Small start-up businesses understandably want to limit their initial costs. Is workers’ compensation coverage required? And even if it is, do owners have to be covered or can they opt out? This is an important question because owners’ compensation can make the policy premiums expensive.
Generally, businesses with 5 employees must have coverage. Businesses in the construction industry must have coverage if they have at least one employee, so all businesses in the construction industry must have coverage. The 5 workers may be traditional employees or merely persons who regularly work on behalf of the business. These persons are “statutory employees”. Missouri law counts these statutory employees to discourage businesses from “contracting out” or “subbing out” work to avoid required coverage.
What about those small businesses where including or excluding the owners makes a difference when making the count toward 5? Sole proprietors and partners are not included unless they elect coverage under a specific procedure of notification. However, members of limited liability companies are included when making the count toward 5. The popularity of limited liability companies makes this an important consideration. Further, officers in corporations are typically included as employees, but not mere shareholders.
One exception concerns Subchapter S corporations. Shareholders with at least 40% or greater interest in the corporation can reject coverage (and not count toward the number of 5) if they notify the corporation and, if applicable, the insurance company. This means these shareholders cannot receive benefits even if they work as employees.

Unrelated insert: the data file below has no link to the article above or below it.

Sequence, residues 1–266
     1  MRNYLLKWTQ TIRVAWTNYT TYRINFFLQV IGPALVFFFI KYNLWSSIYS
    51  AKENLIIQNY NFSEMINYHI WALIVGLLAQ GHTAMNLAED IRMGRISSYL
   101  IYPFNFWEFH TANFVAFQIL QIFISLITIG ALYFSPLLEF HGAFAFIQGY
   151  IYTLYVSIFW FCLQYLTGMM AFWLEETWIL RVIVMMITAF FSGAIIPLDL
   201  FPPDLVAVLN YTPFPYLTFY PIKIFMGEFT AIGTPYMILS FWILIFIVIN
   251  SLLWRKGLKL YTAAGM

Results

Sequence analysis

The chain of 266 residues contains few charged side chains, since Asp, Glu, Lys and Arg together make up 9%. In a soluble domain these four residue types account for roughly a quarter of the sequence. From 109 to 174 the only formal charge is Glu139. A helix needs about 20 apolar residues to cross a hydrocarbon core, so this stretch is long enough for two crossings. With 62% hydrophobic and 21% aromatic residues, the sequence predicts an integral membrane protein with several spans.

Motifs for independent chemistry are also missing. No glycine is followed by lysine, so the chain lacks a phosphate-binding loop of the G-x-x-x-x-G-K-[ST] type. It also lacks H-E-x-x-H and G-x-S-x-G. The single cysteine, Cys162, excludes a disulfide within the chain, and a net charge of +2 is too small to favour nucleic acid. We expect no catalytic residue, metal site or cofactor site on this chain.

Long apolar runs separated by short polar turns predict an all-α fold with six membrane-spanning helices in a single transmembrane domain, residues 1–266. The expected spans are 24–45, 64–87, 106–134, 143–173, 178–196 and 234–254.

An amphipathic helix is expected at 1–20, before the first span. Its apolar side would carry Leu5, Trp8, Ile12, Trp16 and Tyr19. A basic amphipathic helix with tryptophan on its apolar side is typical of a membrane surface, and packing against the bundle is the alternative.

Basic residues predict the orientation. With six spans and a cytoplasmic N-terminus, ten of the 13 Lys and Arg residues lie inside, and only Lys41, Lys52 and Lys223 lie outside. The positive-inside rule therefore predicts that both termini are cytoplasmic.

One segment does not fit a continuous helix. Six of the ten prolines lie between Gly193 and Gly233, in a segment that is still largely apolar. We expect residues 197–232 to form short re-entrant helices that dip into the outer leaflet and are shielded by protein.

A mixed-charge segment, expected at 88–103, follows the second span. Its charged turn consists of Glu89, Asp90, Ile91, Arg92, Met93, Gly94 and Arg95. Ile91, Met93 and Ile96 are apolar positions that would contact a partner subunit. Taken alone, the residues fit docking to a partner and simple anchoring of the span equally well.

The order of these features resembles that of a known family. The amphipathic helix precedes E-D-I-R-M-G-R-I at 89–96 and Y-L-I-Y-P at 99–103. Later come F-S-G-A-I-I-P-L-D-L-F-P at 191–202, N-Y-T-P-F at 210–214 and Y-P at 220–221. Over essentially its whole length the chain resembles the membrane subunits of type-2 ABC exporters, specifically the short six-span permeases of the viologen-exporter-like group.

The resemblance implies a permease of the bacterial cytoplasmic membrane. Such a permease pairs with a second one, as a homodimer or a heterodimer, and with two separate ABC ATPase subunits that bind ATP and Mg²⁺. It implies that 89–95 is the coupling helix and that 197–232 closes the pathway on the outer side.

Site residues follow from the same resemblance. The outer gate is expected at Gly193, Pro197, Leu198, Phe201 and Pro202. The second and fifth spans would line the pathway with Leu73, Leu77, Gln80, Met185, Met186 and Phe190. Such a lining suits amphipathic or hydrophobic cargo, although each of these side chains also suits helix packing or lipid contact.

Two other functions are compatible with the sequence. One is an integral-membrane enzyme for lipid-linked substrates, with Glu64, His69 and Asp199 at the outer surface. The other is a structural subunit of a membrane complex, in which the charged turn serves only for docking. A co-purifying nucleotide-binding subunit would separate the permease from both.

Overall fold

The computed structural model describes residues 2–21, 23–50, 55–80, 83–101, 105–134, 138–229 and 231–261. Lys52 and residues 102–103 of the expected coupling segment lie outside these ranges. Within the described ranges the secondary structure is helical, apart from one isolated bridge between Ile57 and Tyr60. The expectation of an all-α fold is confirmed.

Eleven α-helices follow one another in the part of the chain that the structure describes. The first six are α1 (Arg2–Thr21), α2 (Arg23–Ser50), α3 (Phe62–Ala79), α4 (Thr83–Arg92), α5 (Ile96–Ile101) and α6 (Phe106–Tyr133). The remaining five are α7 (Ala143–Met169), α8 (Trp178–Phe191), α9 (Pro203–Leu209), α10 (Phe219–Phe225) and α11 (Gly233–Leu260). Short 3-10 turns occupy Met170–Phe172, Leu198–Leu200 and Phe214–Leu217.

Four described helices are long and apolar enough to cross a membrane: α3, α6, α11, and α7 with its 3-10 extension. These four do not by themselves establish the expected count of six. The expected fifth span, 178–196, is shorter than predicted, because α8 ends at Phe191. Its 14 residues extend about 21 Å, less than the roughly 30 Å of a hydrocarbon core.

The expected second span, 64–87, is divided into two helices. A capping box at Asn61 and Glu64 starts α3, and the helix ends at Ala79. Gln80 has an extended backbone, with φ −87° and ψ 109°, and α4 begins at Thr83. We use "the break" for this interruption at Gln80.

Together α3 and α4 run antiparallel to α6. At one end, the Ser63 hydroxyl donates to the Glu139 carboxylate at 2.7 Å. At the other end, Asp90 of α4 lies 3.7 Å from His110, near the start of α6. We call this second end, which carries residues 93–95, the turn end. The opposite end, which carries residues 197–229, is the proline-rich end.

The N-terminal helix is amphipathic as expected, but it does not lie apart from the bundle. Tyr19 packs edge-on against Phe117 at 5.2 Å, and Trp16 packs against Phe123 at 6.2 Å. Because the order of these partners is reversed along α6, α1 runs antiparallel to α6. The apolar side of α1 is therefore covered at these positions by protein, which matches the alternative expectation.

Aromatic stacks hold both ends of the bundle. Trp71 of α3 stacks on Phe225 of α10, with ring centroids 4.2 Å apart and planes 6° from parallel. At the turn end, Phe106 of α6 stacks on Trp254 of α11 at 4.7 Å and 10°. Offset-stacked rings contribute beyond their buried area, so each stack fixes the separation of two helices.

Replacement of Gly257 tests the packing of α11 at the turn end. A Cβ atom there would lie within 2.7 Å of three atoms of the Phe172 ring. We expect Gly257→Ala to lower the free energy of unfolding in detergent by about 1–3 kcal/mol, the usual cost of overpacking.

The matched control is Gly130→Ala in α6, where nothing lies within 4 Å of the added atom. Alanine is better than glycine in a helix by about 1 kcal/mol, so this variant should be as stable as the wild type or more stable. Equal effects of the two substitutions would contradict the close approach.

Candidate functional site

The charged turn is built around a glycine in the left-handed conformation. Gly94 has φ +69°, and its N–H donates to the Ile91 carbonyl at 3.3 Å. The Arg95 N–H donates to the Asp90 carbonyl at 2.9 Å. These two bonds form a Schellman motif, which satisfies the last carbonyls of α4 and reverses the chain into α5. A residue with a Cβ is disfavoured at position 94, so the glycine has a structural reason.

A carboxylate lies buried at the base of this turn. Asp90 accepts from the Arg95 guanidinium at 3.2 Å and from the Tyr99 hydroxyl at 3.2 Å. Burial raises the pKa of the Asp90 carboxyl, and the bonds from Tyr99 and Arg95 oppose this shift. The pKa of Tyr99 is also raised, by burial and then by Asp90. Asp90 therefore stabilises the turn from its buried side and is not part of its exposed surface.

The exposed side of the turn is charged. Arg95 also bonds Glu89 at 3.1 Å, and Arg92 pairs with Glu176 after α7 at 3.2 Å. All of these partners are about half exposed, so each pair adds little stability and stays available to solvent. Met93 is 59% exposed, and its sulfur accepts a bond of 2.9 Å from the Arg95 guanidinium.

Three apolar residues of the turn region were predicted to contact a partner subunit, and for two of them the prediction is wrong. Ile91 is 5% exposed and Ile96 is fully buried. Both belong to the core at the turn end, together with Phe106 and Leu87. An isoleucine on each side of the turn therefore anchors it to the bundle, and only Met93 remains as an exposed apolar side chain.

Business owners need to think through whether to have coverage for their business and themselves. If they do not insure and should have done so, they can be sued by employees, not just reckon with a workers’ compensation claim. They can also be subject to criminal prosecution. Owners should also decide whether they want to cover themselves as employees. For example, would it be important for them to be covered if they were seriously injured themselves?
Knowing one’s duties, and options should be part of the start-up of the business. Avoiding the subject until after an accident happens can leave the business in a real bind. There is no substitute when evaluating this subject for a careful interview and evaluation. We encourage you to contact us about this.